Oscar-winning actor Russell Crowe today defended his verbal attack on a television executive after his acceptance speech was cut from a broadcast of the Bafta awards.
The fiery star of A Beautiful Mind said he had nothing to apologise for but admitted he may have been more ‘‘passionate’’ than necessary.
Crowe said: ‘‘This was just me standing up for myself.
‘‘If you know anything about me you know I am going to stand up for myself if I believe I’ve been wronged.’’
Crowe caused a storm after it emerged he took Malcolm Gerrie, whose company, Initial Productions, made the programme for the BBC, aside after the show and gave him a verbal dressing down.
The actor was upset by the axing of a poem he read out at Sunday night’s glitzy ceremony as he picked up his best actor prize.
Crowe pointed out that his whole acceptance speech was only a minute and 50 seconds long.
And he said of Gerrie: ‘‘He’s not battered, he’s not bruised and he’s not bloodied. His ears will be ringing though.’’
‘‘I have no regrets about what I said to him.’’
But Crowe conceded: ‘‘What I said to him may have been a little bit more passionate than now, in the cold light of day, I would have liked it to have been.’’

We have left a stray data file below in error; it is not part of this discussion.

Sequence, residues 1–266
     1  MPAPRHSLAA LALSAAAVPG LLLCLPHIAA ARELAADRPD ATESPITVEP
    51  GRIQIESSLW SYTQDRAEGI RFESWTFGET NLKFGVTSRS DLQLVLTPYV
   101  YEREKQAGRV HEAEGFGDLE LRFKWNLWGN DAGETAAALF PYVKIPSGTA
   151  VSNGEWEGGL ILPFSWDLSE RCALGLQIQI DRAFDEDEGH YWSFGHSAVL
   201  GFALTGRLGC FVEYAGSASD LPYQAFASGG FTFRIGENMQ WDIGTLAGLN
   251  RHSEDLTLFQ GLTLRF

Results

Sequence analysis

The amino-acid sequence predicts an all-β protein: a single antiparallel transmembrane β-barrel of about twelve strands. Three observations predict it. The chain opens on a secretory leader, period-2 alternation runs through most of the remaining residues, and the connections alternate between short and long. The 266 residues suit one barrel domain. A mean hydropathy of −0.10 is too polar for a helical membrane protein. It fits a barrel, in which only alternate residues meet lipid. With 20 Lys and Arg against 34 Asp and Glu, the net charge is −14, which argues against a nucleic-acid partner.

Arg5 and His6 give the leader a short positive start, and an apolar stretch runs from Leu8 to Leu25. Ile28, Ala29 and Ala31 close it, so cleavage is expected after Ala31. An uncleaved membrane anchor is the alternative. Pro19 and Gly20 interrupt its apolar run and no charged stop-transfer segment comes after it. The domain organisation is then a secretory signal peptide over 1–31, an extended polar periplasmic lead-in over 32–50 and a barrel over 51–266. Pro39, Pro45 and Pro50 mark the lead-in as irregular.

Crowe won the best actor Bafta award for playing troubled maths genius John Nash in A Beautiful Mind.
Last year he won a best actor Oscar for Gladiator and this year he is nominated for an Oscar for his performance in A Beautiful Mind.
In a statement after Sunday’s awards a spokesman for Initial said: ‘‘All we’re saying is that Russell Crowe was abusive and behaved very unreasonably.
‘‘We told people accepting that they must keep their speeches to a minimum because we were conscious of the time constraints.
‘‘They were told this three times. As with many other winners his speech over-ran and he was not the only one who was edited.’’
The decision was made in collaboration with the BBC, the spokesman said.